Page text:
Nontrivial solutions for a boundary value problem with integral boundary conditions
© Liu et al.; licensee Springer. 2014
Received: 27 July 2013
Accepted: 13 November 2013
Published: 13 January 2014
This paper concerns the existence of nontrivial solutions for a boundary value problem with integral boundary conditions by topological degree theory. Here the nonlinear term is a sign-changing continuous function and may be unbounded from below.
where , , , , , α and β are right continuous on , left continuous at and nondecreasing on with ; , and denote the Riemann-Stieltjes integral of u with respect to α and β, respectively. Here the nonlinear term is a continuous sign-changing function and f may be unbounded from below, with is continuous and is allowed to be singular at .
Problems with integral boundary conditions arise naturally in thermal conduction problems , semiconductor problems , hydrodynamic problems . Integral BCs (BCs denotes boundary conditions) cover multi-point BCs and nonlocal BCs as special cases and have attracted great attention, see [4–14] and the references therein. For more information about the general theory of integral equations and their relation with boundary value problems, we refer to the book of Corduneanu , Agarwal and O’Regan . Yang , Boucherif , Chamberlain et al. , Feng , Jiang et al.  focused on the existence of positive solutions for the cases in which the nonlinear term is nonnegative. Although many papers investigated two-point and multi-point boundary value problems with sign-changing nonlinear terms, for example, [15–20], results for boundary value problems with integral boundary conditions when the nonlinear term is sign-changing are rarely seen except for a few special cases [7, 12, 13].
Inspired by the above papers, the aim of this paper is to establish the existence of nontrivial solutions to BVP (1.1) under weaker conditions. Our findings presented in this paper have the following new features. Firstly, the nonlinear term f of BVP (1.1) is allowed to be sign-changing and unbounded from below. Secondly, the boundary conditions in BVP (1.1) are the Riemann-Stieltjes integral, which includes multi-point boundary conditions in BVPs as special cases. Finally, the main technique used here is the topological degree theory, the first eigenvalue and its positive eigenfunction corresponding to a linear operator. This paper employs different conditions and different methods to solve the same BVP (1.1) as ; meanwhile, this paper generalizes the result in  to boundary value problems with integral boundary conditions. What we obtain here is different from [6–20].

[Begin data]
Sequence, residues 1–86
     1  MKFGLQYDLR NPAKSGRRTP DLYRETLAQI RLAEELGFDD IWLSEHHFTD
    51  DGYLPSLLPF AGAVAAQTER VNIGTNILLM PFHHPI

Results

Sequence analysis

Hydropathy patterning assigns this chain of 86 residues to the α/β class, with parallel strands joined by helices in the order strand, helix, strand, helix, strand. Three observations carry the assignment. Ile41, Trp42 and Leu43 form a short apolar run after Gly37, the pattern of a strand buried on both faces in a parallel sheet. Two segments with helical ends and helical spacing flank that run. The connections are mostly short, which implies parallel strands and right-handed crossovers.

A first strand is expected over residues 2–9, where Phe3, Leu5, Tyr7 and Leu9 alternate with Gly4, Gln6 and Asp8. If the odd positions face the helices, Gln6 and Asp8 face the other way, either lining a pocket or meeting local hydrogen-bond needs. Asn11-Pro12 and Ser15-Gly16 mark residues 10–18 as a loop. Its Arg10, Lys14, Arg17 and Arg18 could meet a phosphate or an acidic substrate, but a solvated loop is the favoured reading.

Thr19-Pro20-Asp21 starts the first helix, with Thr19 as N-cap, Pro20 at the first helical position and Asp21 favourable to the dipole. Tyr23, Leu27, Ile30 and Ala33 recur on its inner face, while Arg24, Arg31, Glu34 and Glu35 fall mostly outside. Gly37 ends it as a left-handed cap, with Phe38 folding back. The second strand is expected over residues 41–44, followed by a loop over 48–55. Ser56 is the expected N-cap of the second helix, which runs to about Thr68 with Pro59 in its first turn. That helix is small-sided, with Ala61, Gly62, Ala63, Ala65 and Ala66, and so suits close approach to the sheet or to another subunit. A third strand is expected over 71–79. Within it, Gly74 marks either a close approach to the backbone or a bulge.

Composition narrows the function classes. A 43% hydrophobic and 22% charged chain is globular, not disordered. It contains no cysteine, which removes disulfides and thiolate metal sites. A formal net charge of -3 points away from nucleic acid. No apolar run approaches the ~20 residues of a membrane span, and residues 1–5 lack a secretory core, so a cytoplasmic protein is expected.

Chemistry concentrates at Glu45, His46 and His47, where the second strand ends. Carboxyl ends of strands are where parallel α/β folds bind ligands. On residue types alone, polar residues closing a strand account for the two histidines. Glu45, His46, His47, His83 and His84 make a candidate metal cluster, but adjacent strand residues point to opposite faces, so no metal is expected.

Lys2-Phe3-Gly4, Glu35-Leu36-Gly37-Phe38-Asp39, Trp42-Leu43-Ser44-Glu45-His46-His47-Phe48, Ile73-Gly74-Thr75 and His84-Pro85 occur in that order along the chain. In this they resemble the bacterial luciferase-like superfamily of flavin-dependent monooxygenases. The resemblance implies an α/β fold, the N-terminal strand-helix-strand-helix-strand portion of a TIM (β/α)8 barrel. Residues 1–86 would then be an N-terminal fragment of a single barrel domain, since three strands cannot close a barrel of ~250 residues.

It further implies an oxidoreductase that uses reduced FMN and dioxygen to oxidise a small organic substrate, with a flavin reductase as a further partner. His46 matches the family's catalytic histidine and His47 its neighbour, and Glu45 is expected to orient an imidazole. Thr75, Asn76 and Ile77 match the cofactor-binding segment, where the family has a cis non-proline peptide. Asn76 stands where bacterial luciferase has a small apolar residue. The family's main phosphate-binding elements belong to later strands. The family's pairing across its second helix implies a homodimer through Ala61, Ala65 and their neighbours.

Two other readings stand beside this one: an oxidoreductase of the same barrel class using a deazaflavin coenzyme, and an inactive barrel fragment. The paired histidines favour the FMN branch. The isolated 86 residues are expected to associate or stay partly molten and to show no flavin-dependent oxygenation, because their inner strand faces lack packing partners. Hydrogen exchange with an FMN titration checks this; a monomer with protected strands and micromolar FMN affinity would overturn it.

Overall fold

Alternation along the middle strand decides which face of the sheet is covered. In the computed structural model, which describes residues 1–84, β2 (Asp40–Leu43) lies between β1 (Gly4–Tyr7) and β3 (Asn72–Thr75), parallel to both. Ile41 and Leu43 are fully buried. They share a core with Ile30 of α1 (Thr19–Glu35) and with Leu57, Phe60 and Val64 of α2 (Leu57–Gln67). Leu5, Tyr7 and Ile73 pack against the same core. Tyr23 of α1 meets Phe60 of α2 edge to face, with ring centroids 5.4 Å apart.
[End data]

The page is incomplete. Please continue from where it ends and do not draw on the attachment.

2 Preliminaries and lemmas
We assume that the following condition holds throughout this paper.
Let , , , .
(H2) , , .
Lemma 2.1 ()
where is the Green function for (1.1).
It is easy to show that is a completely continuous nonlinear operator, and if is a fixed point of A, then u is a solution of BVP (1.1) by Lemma 2.1.
Lemma 2.2 ()
If (H1) holds, then there is such that is a subcone of P and .
Lemma 2.3 ()
Let E be a real Banach space and be a bounded open set with . Suppose that is a completely continuous operator. (1) If there is with such that for all and , then . (2) If for all and , then . Here deg stands for the Leray-Schauder topological degree in E.
Lemma 2.4 Assume that (H1), (H2) and the following assumptions are satisfied:
(C1) There exist , and such that (2.3), (2.4) hold and K maps P into .
(C3) There exist a bounded continuous operator and such that for all .
(C4) There exist and such that for all .
provided that R is sufficiently large.
where is a constant.
where is a constant.
3 Main results
Theorem 3.1 Assume that (H1), (H2) hold and the following conditions are satisfied:
(A1) There exist two nonnegative functions with and one continuous even function such that for all . Moreover, B is nondecreasing on and satisfies .
(A2) is continuous.
(A3) uniformly on .
(A4) uniformly on .
Here is the first eigenvalue of the operator K defined by (2.2).
Then BVP (1.1) has at least one nontrivial solution.
that is, . Take , for any , where . Obviously, holds. Therefore H satisfies condition (C2) in Lemma 2.4.
which shows that condition (C3) in Lemma 2.4 holds.
So condition (C4) in Lemma 2.4 is satisfied.
If there exist and such that . Let . Then and by (3.4), . The n th iteration of this inequality shows that (), so , that is, . This yields , which is a contradictory inequality. Hence, (3.5) holds.
So A has at least one fixed point on , namely, BVP (1.1) has at least one nontrivial solution. □
Corollary 3.1 Using () instead of (A1), the conclusion of Theorem 3.1 remains true.
The first two authors were supported financially by the National Natural Science Foundation of China (11201473, 11271364) and the Fundamental Research Funds for the Central Universities (2013QNA35, 2010LKSX09, 2010QNA42). The third author was supported financially by the National Natural Science Foundation of China (11371221, 11071141), the Specialized Research Foundation for the Doctoral Program of Higher Education of China (20123705110001) and the Program for Scientific Research Innovation Team in Colleges and Universities of Shandong Province.
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